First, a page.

Dorette was out of town Friday, so I drove over to St Cloud, Minn., just 74 miles from Bloomington, Minn. From 1970 to 1973, I taught at the college there (now designated a university).
I stopped at the cemetery where are buried some of my relatives from the Vogel side of the family. With water and a brush, I removed most of the moss that had accumulated on the gravestones since my last visit.
There are eight markers in the plot, the first placed in 1890, the most recent, pictured here, in 1993. It’s for my cousin, Gale Vogel, whom I last saw in 1991 at my mother’s funeral just two years before her own death.
For me it’s the saddest because it includes the name of her partner Eugene Hight, who 24 years after her death is not yet with her at this place. I have learned that Eugene died Feb. 21, 2013, in Little Falls, Minn. The flower on her marker had made me hopeful that they would eventually be together at this cemetery. The obituary says that is the family’s eventual intention.
I always pay my respects first at the grave of my grandfather William R. Vogel, 1884-1956.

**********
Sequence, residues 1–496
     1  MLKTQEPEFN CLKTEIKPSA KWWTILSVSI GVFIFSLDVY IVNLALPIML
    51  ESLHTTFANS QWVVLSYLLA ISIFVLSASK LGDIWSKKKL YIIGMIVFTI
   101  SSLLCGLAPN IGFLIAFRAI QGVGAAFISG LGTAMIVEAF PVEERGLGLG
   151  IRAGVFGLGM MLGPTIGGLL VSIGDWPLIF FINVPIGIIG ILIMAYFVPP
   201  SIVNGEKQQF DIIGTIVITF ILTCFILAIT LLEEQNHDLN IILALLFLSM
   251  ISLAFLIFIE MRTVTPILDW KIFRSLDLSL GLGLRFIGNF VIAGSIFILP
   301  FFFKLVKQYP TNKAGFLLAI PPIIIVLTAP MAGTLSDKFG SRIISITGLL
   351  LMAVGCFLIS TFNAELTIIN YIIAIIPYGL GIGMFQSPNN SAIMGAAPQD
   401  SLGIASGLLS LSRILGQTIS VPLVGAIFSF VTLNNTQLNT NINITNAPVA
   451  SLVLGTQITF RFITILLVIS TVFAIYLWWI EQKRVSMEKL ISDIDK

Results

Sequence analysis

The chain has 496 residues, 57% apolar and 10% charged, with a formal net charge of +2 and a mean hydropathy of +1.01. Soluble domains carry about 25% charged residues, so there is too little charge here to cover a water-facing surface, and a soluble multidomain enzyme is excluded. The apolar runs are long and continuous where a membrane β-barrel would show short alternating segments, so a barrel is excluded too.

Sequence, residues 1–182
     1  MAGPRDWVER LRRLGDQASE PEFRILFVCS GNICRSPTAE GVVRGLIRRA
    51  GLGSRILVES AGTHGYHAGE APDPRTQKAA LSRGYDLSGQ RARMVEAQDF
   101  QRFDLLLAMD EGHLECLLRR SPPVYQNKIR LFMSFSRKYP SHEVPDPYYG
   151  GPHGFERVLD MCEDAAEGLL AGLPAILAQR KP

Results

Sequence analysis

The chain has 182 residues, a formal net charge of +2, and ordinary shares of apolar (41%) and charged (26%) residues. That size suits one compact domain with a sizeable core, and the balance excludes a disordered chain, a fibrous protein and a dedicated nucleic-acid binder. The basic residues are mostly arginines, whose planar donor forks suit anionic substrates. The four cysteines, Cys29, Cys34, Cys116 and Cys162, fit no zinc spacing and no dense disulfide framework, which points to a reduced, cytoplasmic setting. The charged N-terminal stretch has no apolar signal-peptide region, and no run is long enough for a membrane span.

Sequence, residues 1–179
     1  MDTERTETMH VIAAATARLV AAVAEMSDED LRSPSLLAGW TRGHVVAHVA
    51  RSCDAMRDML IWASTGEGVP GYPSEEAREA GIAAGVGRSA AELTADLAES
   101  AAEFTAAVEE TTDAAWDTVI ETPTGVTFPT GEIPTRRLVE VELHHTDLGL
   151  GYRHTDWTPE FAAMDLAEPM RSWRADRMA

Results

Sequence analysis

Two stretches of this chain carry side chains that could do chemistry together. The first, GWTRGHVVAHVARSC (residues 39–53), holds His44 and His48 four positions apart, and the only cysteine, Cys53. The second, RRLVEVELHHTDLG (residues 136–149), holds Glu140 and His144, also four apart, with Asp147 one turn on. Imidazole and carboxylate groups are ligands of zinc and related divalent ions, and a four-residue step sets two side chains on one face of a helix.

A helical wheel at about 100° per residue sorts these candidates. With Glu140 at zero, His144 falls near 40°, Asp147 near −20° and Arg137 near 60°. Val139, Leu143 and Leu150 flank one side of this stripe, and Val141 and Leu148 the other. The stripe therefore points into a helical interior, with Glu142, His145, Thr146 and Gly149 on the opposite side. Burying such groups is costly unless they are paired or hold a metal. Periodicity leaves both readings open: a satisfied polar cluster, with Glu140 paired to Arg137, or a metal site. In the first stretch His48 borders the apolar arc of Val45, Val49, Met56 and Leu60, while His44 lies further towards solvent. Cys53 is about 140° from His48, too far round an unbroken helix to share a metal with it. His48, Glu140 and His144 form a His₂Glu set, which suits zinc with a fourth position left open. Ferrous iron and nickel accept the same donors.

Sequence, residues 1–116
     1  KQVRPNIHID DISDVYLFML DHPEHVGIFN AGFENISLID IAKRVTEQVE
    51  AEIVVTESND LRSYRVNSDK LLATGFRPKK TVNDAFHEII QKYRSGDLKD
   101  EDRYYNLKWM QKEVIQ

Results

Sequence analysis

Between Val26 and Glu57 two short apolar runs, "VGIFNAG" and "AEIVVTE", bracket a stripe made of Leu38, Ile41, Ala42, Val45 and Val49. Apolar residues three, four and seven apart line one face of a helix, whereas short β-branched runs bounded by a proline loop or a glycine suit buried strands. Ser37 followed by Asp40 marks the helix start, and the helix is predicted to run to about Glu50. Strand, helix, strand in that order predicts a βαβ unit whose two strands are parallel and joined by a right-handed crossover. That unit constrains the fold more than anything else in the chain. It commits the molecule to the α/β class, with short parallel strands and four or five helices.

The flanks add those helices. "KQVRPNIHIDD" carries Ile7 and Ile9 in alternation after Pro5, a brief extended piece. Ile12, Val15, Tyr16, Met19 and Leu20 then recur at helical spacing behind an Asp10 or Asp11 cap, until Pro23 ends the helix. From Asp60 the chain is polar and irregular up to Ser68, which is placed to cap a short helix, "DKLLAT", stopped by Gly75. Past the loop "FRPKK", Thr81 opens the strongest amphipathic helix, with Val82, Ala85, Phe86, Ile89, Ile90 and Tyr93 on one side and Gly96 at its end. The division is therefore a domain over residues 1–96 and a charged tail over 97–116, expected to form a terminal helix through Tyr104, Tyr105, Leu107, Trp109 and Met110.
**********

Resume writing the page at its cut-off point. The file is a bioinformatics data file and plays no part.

He and his wife Ellen (who died after him and is buried at Mahnomen, Minn.), had 10 children, including my mother, Minnie. She and my father, Kermit, are buried near Wellsburg, N.D., where I also will be some day.
On the way back to Bloomington,I reflected about what I know and don’t know about the Vorland and Vogel families.
Regarding the Vorland family, quite a lot. Many of those cousins and their children are friends on Facebook, and I’ve met some of the new generation in person.
Regarding the Vogel side, just the opposite.
I know nothing of the descendants of mom’s siblings, Sarah, Josephine, David, Tom, Ray, Isabel, Mary Lou, Beatrice, and Gale.
Not even of the descendants of my cousin Gale, in her grave not far from where I live.
As poet Andrew Marvel wrote, “At my back I always hear Time’s wingèd chariot hurrying near.”